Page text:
Saturday, 13 February 2016

Athelstaneford, East Lothian, Scotland

Athelstaneford is a village in East Lothian, Scotland. It is near the town of Haddington and lies about 20 miles east of Edinburgh.

According to popular legend, Athelstaneford is where the original Scottish saltire - the white diagonal cross on a sky blue background - was first adopted.

On the eve of a battle between an army of the Picts and invading Angles from Northumbria in 832AD, Saint Andrew, who was crucified on a diagonal cross, came to the Pictish King Óengus II in a vision promising victory. The next morning the Picts saw a white cross formed by clouds in the sky.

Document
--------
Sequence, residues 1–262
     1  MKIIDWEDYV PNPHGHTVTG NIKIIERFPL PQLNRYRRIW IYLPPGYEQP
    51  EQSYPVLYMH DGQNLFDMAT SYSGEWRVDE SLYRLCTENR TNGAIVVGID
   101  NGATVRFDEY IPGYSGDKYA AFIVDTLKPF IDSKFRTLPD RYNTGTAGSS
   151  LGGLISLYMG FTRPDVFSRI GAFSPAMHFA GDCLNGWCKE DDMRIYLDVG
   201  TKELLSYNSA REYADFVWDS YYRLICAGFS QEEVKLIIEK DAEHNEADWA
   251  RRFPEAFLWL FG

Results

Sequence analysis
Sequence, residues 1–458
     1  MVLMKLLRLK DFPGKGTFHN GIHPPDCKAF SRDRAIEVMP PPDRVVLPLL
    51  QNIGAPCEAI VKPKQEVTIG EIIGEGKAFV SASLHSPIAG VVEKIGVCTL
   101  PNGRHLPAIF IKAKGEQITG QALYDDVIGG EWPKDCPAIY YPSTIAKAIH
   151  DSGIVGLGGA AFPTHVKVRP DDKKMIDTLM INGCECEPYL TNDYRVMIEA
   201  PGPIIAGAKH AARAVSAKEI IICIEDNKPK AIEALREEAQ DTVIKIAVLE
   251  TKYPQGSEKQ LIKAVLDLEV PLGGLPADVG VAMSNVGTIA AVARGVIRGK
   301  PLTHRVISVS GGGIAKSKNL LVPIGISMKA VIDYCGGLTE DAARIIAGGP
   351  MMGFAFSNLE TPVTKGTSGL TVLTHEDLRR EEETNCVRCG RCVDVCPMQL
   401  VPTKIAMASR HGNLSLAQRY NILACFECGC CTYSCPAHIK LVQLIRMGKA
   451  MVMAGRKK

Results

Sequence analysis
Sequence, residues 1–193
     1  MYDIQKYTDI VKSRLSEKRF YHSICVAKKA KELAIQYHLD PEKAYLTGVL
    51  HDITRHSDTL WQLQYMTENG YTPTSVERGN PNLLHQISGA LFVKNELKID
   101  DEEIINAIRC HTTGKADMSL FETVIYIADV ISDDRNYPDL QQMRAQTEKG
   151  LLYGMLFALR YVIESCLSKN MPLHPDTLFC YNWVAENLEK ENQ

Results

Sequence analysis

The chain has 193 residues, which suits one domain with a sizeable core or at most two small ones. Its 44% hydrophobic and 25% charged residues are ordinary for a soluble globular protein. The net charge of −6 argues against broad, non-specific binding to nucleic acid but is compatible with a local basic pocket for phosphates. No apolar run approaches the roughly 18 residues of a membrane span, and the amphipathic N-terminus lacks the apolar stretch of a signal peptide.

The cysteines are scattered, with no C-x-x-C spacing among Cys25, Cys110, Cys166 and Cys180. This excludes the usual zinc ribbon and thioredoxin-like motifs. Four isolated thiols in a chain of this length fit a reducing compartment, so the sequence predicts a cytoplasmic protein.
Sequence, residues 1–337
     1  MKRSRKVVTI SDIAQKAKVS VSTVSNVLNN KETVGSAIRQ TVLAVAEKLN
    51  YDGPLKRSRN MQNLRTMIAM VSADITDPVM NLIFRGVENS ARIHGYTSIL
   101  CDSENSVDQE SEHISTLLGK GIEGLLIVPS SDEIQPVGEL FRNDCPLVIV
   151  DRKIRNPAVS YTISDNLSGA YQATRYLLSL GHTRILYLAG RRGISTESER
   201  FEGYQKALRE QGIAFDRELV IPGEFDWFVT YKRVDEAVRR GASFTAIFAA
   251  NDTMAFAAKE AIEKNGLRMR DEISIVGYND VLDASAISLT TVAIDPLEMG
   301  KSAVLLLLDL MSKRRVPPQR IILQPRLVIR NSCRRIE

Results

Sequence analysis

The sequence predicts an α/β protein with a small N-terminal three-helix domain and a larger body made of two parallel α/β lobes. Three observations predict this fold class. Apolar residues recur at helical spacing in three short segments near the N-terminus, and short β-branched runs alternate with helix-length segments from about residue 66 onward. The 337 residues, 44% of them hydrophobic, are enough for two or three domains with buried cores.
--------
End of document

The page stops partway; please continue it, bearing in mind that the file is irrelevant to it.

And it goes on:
They won the battle and attributed their victory to the blessing of Saint Andrew, adopting his form of the cross as their flag, and naming him as their patron saint.

The leader of the retreating Angles, "Athelstan", was slain at a nearby river crossing, hence the name Athelstaneford.



There are several versions of the tale, of which this is one of the more popular. Whatever the truth, the legend has cemented Athelstaneford's place in Scotland's history.